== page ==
Hundreds of mourners have gathered in Sydney to pay their last respects to former Seamen’s Union of Australia National Secretary Pat Geraghty.
Geraghty passed away in Sydney last week at the age of 87. He was remembered as a man of great principle, enormous intellect and renowned capacity to lead.
Pat’s family plus representatives from the Maritime Union of Australia, ALP and broader labour movement packed out the Trades Hall in Sydney, with others watching on a big screen immediately outside the funeral venue.
A committed socialist and crusader for social justice who also loved a drink and punt on the horses, Pat was celebrated by all present, including Bill Shorten, Anthony Albanese, Luke Foley, Yasmin Catley, John Coates, John Benson, Tony Papaconstantinos, Taffy Sweetenson, John Coombs, Fred Ross, Tony Maher, Bill Kelty, Andrew Dettmar, Joe Fleetwood, Ged Kearney and Peter Morris.
Fittingly, his casket was draped with the red ensign and red roses.
Pat was born in Sydney in 1928 and raised during the depression years in a crowded family semi-detached home in Balmain,” MUA National Secretary Paddy Crumlin said.
“Balmain was as that time a community of many blue collar workers mostly connected one way or another to the waterfront and shipping industry.
"He inevitably went to sea in 1947, shipping out for a period of time in the post-war international shipping fleet, where he was confronted with the great exploitation and injustice that was and still is international shipping.
"This was predicated largely by high unemployment, poor working conditions, an oversupply of ships and lack of effective labour and safety regulations.”
Crumlin said many people called him Bluey: “But he was well and truly grey by the time I met him - must've been a royal commission.
“He was a political person but rooted in real things - that's why he could influence things.
“Pat had no belief in capital so periodically, he went to the to the racetrack and lost it all. Good people share."
Geraghty succeeded Eliot V Elliot as leader of the SUA, who had led the union for over 40 years, on his retirement in 1978.
Crumlin said Pat had been urged by Elliot and other senior counsel to study law, to which he replied: “if I do I won’t be working for what you’re paying me”.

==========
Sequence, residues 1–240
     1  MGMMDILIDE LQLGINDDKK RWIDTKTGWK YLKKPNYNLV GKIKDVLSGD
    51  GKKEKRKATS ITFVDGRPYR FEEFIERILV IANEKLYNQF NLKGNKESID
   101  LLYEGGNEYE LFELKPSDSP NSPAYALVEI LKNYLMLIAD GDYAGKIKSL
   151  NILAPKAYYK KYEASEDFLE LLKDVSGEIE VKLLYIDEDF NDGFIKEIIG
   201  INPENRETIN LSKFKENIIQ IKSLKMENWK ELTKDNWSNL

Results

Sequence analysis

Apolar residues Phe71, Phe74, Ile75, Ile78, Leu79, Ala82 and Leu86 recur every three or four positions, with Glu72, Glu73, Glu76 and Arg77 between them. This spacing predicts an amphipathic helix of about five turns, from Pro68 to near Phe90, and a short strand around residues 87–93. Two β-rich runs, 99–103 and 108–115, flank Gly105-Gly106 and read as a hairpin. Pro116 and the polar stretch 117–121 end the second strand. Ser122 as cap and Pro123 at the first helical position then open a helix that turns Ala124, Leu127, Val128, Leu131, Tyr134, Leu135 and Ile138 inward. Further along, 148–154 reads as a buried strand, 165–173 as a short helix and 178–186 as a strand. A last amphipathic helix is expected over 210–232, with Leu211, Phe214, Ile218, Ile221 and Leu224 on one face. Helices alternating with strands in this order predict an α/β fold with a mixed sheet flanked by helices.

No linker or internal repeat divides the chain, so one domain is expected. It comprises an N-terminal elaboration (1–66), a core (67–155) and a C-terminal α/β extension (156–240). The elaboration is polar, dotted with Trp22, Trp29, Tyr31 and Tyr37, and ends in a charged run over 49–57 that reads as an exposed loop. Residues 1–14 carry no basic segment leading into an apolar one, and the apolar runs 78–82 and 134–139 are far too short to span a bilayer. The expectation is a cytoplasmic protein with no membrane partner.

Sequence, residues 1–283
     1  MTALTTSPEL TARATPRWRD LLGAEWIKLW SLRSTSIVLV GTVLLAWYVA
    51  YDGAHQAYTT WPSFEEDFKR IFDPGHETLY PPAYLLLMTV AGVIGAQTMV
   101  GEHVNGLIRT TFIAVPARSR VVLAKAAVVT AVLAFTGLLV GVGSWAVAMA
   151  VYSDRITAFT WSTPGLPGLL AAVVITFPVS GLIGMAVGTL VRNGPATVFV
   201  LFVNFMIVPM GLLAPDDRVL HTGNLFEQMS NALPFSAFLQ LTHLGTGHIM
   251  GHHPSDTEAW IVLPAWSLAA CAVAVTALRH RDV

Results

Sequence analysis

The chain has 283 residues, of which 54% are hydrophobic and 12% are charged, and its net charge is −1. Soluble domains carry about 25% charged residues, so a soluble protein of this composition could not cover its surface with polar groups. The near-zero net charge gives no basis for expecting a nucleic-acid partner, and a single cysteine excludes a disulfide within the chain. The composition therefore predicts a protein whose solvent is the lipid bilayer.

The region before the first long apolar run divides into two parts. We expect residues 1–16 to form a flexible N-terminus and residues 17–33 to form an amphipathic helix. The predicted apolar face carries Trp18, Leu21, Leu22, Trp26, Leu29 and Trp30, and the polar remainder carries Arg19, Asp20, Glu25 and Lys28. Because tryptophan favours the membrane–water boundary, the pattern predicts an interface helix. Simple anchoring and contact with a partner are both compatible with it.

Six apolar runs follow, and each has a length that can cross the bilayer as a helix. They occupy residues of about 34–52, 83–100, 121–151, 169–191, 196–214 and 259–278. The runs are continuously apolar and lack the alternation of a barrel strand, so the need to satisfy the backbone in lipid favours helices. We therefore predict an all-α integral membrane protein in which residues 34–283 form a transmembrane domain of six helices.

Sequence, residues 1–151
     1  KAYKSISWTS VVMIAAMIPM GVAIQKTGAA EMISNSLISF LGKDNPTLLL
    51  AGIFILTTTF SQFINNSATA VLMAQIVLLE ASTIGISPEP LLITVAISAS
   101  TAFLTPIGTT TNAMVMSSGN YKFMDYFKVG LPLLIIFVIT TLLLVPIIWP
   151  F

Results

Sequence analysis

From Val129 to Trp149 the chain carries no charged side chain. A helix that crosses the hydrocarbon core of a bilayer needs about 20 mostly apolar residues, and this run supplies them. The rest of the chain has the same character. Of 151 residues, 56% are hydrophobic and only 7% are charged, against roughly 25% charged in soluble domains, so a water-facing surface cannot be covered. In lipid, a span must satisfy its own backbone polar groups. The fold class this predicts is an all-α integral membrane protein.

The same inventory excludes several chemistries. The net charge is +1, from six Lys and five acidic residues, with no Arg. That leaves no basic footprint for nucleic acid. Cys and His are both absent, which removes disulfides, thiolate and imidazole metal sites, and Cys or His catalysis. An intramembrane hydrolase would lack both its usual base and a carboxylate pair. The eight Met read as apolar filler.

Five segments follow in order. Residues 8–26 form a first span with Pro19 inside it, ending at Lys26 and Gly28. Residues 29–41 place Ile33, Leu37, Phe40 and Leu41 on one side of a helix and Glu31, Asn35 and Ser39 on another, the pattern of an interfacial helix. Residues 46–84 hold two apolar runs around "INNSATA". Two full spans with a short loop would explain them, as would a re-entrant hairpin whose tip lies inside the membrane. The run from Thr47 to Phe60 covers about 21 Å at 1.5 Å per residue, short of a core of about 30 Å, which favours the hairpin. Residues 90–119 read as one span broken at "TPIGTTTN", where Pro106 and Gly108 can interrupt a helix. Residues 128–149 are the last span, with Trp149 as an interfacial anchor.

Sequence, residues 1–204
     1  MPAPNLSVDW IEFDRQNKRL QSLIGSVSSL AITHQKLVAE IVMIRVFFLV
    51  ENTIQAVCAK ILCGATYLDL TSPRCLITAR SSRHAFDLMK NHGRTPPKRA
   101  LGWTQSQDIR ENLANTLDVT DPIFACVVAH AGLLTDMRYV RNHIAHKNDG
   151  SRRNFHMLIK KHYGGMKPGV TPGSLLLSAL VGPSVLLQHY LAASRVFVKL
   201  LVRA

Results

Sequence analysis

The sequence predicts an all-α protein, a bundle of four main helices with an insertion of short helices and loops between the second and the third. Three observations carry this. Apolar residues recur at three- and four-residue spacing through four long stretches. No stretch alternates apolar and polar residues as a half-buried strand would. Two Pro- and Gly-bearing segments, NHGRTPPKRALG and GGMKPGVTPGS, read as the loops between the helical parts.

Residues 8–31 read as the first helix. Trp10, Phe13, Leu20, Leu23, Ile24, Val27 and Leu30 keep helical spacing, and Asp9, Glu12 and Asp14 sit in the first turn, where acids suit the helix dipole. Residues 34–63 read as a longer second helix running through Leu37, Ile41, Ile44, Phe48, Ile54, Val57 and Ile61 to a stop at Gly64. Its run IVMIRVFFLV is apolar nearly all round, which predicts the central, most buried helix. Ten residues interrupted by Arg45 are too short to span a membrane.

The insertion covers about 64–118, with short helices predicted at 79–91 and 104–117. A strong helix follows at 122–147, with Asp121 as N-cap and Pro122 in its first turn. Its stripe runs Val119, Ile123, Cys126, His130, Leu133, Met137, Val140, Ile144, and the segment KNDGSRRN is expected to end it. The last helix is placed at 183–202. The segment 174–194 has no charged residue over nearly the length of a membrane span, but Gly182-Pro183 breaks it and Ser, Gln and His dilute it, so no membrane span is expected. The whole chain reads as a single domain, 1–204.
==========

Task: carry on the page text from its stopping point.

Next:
Those members, trade unionists, politicians, shipowners and shippers and who knew him referred to him ‘dedicated’, ‘extraordinarily honest and principled’, 'brilliant', 'exceptional', 'thoughtful and caring' and ‘humble '.
Pat fought from the front for seafarers through his work to defend cabotage and against FOCs and to secure International Labour Organisation conventions – but also in vital worldwide campaigns including those against apartheid in South Africa, the invasion of East Timor, the boycott of Pinochet’s Chile after the military takeover in 1973 and the capacity of Australian athletes to compete at the 1980 Moscow Olympics.
Despite all of this, Pat’s son Matthew said his father would shy away from proclamations of personal achievement.
“When I would ask what his achievements were he would say: ‘none, it’s always a team effort’.
"Treat everyone like family - if they're a dickhead you'll find out soon enough - and with compassion."
“Dad loved his sport and when it came to the Moscow Olympics he didn't want to see anyone miss out for political reasons."
Pat’s other surviving son Chris said his dad enjoyed spending time with the “Balmain royalty”.
“His love of the underdog might explain some of the slow horses he backed over over the years,” Chris said.
Chris' wife Louise said Pat and her father had always argued about politics as they were from different sides but always remained friends.
"As an early childhood educator I have decided to think of things about Pat, beginning with P - proud, persistent, politics, pay - he would always pay for meals with cash from his pocket and was generous in every way - phone, progressive, precious,” Louise said.